Colonoscopy prep requires you to empty your colon completely. Starting about 12 hours before your exam, you’ll be required to avoid solid foods and colored liquids. You may also need to take a laxative and possibly perform an enema.
On the day of your colonoscopy appointment, you’ll be given sedation medication through an IV so you feel relaxed while your doctor examines the entire length of your large intestine (colon).
During the colonoscopy, you’ll lie on your side on an examining table with your knees bent. Your doctor will insert a narrow scope (colonoscope) with a tiny camera on the end through your anus to examine your rectum and your large intestine. They will look for irregularities, such as colon polyps – fleshy growths in your colon’s lining that can lead to cancer. If any polyps are found, they can be removed via a colonic polypectomy using tools inserted through the tube. Your doctor can also collect tissue samples during the procedure. Any abnormal tissue can be biopsied to test for colorectal cancer.
During a virtual colonoscopy (CT colonography), your doctor will perform CT scans to produce pictures of your colon. You’ll lie on your back and your stomach so your doctor can get images from different angles. These scans are then reviewed to check for colon polyps and other abnormalities.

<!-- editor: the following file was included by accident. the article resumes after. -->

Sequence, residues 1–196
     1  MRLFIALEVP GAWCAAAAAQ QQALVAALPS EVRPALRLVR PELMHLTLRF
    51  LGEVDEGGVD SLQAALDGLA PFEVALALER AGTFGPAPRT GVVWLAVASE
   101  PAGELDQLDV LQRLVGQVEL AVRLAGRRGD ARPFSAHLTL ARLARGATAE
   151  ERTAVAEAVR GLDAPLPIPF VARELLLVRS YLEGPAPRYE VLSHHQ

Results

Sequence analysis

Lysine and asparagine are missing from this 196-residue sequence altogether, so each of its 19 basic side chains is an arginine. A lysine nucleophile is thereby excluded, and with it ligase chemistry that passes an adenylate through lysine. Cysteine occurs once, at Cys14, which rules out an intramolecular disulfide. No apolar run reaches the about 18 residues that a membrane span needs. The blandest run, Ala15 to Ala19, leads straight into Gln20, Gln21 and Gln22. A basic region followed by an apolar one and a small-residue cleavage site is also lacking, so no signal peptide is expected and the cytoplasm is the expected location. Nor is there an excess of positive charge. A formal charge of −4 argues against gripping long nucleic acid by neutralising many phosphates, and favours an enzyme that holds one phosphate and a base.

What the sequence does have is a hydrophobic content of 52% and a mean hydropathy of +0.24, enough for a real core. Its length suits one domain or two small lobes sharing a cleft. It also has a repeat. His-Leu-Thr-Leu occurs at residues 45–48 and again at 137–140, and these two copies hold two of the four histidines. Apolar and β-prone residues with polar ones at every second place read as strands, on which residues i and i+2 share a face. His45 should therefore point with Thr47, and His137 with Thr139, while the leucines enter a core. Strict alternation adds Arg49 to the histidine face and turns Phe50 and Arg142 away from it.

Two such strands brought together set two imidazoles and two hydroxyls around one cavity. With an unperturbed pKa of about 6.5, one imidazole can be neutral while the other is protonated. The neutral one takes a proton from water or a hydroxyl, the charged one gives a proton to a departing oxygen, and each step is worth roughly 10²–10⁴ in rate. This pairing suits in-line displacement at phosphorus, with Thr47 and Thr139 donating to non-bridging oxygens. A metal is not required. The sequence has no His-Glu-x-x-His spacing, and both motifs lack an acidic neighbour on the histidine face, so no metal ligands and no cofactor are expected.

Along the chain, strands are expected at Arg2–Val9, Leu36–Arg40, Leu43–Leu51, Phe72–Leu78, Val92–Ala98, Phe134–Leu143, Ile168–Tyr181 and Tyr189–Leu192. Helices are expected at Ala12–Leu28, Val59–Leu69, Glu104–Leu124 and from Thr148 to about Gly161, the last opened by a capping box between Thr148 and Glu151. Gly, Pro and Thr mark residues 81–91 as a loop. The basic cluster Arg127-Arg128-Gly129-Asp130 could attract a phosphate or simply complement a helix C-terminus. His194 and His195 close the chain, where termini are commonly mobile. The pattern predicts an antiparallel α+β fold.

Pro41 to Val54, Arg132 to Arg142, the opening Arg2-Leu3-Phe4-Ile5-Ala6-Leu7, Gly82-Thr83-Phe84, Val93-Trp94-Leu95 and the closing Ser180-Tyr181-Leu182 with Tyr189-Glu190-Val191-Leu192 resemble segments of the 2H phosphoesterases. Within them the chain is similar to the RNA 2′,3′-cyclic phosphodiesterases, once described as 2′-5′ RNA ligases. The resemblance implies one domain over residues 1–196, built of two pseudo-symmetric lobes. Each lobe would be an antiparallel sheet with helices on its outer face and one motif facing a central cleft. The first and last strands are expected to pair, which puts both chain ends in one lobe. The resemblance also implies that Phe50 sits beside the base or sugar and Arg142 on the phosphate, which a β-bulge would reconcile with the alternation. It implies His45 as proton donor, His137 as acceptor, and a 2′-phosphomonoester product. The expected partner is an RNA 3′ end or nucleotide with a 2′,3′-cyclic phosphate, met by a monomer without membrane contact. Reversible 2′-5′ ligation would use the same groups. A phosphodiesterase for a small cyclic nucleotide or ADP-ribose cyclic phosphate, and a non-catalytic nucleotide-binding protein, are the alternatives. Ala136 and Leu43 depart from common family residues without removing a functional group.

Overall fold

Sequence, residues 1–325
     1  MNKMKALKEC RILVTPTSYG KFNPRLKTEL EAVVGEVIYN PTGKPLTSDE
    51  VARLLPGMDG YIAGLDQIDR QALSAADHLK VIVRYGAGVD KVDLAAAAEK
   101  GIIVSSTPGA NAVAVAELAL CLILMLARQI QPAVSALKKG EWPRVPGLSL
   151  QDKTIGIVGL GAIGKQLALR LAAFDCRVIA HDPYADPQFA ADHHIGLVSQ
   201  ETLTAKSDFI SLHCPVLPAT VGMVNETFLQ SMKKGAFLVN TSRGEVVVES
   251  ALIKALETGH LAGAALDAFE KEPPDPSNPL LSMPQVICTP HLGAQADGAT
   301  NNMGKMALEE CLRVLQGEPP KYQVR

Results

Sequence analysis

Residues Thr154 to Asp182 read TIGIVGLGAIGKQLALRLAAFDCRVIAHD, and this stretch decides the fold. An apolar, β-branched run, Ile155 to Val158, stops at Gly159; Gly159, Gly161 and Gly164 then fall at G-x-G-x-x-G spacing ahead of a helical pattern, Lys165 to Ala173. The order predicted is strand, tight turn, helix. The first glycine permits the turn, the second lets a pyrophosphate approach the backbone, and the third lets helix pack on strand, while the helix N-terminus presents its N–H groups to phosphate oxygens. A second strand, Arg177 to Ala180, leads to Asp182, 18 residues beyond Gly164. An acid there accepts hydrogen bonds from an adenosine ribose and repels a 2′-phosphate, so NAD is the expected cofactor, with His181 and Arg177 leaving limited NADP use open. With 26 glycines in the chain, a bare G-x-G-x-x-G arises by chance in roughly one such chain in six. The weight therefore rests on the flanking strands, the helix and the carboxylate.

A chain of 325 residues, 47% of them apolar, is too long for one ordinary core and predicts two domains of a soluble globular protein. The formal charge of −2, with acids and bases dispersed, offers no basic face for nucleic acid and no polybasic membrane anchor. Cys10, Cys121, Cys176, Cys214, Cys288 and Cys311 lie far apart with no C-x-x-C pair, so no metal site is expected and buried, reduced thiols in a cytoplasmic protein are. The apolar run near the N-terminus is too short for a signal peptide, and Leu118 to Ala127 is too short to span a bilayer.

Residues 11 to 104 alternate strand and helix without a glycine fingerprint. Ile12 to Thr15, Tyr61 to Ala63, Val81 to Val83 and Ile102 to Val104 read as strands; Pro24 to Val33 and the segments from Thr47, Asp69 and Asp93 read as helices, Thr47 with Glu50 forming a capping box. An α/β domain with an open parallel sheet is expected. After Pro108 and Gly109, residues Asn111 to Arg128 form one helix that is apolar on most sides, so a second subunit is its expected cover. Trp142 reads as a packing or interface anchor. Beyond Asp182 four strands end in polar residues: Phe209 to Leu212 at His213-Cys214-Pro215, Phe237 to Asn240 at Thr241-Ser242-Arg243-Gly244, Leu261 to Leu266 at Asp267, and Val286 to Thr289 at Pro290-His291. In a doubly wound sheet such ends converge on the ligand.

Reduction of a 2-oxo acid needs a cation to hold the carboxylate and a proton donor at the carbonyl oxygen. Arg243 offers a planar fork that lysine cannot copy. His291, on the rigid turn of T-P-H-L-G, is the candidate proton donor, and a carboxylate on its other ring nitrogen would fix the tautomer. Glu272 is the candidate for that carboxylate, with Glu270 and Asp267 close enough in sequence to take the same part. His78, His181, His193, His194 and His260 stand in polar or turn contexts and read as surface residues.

Both a colonoscopy and a virtual colonoscopy each take about 30 minutes to complete. Recovery time is usually about an hour.
After a colonoscopy, it can take up to an hour for the sedative to begin to wear off, and up to a day for the effects of the sedative to disappear completely. Because of this, you won’t be able to drive or work after the colonoscopy, and will need to arrange for a ride home. You should be able to return to normal activity the following day.
If you're 50 or older, your doctor will probably want you to have colonoscopies regularly – this is the most common colonoscopy age to begin getting screened.
If you're younger, and any of the following colon cancer risk factors apply, your doctor may suggest you start early colonoscopy screenings:
Ask your doctor when you should start and how often you should have a colonoscopy.
Colon cancer grows slowly and doesn't always cause symptoms in the early stages. But as it progresses, it can cause:
If you notice any of these warning signs, call your colonoscopy doctor (gastroenterologist).